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Put Your Best Foot Forward Carefully – Chicago and Pedestrian Safety

Good Morning Blog Readers! If you’ve ever been walking through downtown Chicago this blog post is for you…

Chicago is among the safest metro areas in the nation for pedestrians, ranking 44th out of the 51 largest metro areas, a new report released by the National Complete Streets Coalition [1], a program of Smart Growth America, said.

While many streets across the country are perilous for people walking, hundreds of communities like Chicago are working to make their streets safe and welcoming for people on foot. In recent years, scores of communities have begun to redesign roads as “complete streets,” adding sidewalks and bicycle lanes, reducing crossing distances and improving crosswalks. Such design features have helped make walking safe and comfortable for everyone.

“Older persons account for one in every five pedestrian fatalities and have the greatest fatality rate of any population group,” said AARP Executive Vice President Nancy LeaMond.  “America’s state, federal and community leaders should focus on making our streets safer – which will benefit everyone, including thegrowing number of older Americans.”

Though the report found that Chicago is safer when compared to other metros across the country, a total of 1,165 pedestrians were killed from 2003 to 2012 — an unacceptable number no matter Chicago’s ranking. Continuing to invest resources in making our streets safe for all users is key to ending these preventable deaths.Pedestrians, Safer Streets

In addition to ranking America’s major metropolitan areas according to a Pedestrian Danger Index to assess how safe pedestrians are while walking, the report, Dangerous by Design [2] presents data on pedestrian fatalities and injuries in every U.S. metro area, state, and county. The report also includes an interactive map [3] showing the locations where people walking have been fatally struck by the driver of a vehicle.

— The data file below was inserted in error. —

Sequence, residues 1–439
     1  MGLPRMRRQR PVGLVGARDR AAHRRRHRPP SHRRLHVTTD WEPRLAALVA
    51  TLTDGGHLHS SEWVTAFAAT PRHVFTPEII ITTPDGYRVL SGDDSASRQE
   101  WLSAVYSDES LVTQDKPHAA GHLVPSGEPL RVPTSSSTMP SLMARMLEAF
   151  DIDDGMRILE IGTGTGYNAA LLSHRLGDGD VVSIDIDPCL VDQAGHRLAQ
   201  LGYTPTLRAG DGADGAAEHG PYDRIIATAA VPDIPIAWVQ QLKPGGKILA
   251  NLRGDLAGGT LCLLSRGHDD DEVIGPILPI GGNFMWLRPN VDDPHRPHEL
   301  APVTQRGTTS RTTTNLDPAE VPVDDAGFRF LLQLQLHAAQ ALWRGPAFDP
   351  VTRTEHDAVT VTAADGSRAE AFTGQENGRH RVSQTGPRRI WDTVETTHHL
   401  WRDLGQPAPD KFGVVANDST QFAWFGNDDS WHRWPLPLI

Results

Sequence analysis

“We applaud Chicago’s efforts to design safer streets for people of all ages,” said Bob Gallo, AARP Illinois State Director.  “However, we must remain vigilant and continue to create new and innovative ways to ensure that Chicago roadways are accessible and safe for pedestrians of all ages.”

The majority of pedestrian deaths occur on roadways that are dangerous by design —engineered and operated for speeding traffic with little to no provision for the safety of people walking, biking or using public transit. Sadly, older adults, children and minorities are the most at risk while walking, dying in disproportionate numbers.

“We are allowing an epidemic of pedestrian fatalities, brought on by streets designed for speed and not safety, to take nearly 5,000 lives a year; a number that increased six percent between 2011 and 2012,” said Roger Millar, Director of the National Complete Streets Coalition. “Not only is that number simply too high, but these deaths are easily prevented through policy, design, and practice.  State and local transportation leaders need to prioritize the implementation of Complete Streets policies to improve safety and comfort for people walking.”

The federal government sets the tone for a national approach to safety and Congress can address this critical issue by passing the Safe Streets Act as it renews the transportation law.  States are then ultimately responsible for protecting their residents and visitors and reducing the number of people who are killed or seriously injured while walking. State governments and agencies can take a number of actions to improve pedestrian safety, starting with adopting a strong Complete Streets policy and following a comprehensive action plan to ensure the streets are planned and designed for the safety and comfort of people walking. 

To view the full report, please click here [4]